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Once upon a time, in a place far, far away…: The paradoxical third space and the photography of Jaap Scheeren and Babette Kleijn

“I don’t remember, but I wanted to go back to sleep and keep dreaming.”

—- The girl Ako in Hiroshi Teshigahara’s short film Ako/White Morning (1963).


Where exactly are we, when we are looking at a photo? Asking the question is easier than providing answers. At the most, we can talk about it in approximate terms. So, instead of pretending to be able to answer the question, I would like to offer a few possible routes of thought. When I think about being absorbed in a photographic image, I am not thinking about being somewhere physically or geographically, but about being somewhere mentally. In other words, looking at photographs takes the observer into a kind of reality that differs from that of sleeping, dreaming, grocery shopping, talking to someone, etcetera. Moreover, looking at photos creates a different experience from looking at paintings or other kinds of two-dimensional images.

The almost invisible mediality of photography can give a person the sensation to be present in (or at) what is represented. This is a vital aspect of religious pictures in particular: by means of the icon, Christ is deemed to be present. Icons offer the believer a spiritual framework and an incentive to believe, regardless of whether the image is ‘photorealistic’ or not. I am not trying to claim that photos are or can be icons, nor do I think that photos may be compared to icons in the traditional religious sense of the word. However, the analogy between traditional icons and photographs is, in general, their capacity to make believe that the portrayed presents itself unmediated. Photosensitive paper is imprinted by light, and nature paints itself – that is how people regarded photography’s magic in the primeval age of its conception. As far as the icon is concerned, the reality presenting itself was thought to be a revelation of the ‘other’ reality of faith and imagination. Conversely, in the eyes of many, photography reveals reality itself. We often assume the world looks the same on a photo as it does through the naked eye. Yet the world on a photo is a photographed world – no more and no less.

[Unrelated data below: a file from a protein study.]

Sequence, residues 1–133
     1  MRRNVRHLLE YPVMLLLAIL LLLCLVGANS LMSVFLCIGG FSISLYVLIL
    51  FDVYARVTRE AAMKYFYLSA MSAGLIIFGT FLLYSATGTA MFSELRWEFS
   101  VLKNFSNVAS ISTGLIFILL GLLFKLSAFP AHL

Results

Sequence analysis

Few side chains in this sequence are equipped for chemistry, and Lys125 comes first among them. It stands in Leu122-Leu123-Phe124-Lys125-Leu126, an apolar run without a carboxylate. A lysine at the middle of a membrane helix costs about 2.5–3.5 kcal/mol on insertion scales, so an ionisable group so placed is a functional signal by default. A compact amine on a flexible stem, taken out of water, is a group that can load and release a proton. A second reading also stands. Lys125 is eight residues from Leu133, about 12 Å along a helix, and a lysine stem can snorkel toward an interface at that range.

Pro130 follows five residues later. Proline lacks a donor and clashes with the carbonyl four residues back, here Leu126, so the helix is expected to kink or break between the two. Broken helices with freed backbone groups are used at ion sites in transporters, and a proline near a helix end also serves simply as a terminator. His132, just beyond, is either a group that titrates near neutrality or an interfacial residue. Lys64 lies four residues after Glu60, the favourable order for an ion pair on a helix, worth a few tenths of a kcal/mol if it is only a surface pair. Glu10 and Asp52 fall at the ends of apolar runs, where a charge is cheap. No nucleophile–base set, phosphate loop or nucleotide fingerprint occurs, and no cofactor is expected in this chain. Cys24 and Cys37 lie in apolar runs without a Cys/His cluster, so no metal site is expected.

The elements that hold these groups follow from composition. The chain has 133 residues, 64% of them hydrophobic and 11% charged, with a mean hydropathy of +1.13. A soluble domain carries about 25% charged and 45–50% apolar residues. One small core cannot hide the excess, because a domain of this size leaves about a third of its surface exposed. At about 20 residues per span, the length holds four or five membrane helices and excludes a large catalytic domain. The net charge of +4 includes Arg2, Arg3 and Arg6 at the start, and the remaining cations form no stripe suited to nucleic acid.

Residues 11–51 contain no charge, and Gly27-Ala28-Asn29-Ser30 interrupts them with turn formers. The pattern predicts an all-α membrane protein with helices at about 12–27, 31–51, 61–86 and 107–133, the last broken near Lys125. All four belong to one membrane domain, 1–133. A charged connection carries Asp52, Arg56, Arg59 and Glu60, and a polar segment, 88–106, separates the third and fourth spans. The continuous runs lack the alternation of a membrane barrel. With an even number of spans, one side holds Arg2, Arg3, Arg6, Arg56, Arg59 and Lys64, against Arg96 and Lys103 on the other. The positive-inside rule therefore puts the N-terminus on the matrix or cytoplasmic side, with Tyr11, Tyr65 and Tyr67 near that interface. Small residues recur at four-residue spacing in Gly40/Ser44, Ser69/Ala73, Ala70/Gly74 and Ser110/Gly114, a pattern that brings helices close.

The German media philosopher Lambert Wiesing introduced the theological concept of immersion in a discussion of the deceptive character of virtual realities.[i] ‘Immersive’ images, he says, create the impression that the (re-)presented is really present. In my eyes, the photographic image is located on the delicate borderline between fantasy and reality, between a reality outside us and a projected or imagined reality inside us.

Photos are projections. They bring about a consciousness that mediates between our imaginary and perceptive faculties. The British photo-historian Elizabeth Edwards situates photos in the ‘paradoxical third space’, borrowing the term form the famous psychologist Donald W. Winnicott: ‘The “paradoxical third space” being neither inside in the world of fantasy (expression) nor outside in the world of shared reality. Rather it partakes of both these positions at once.’[ii]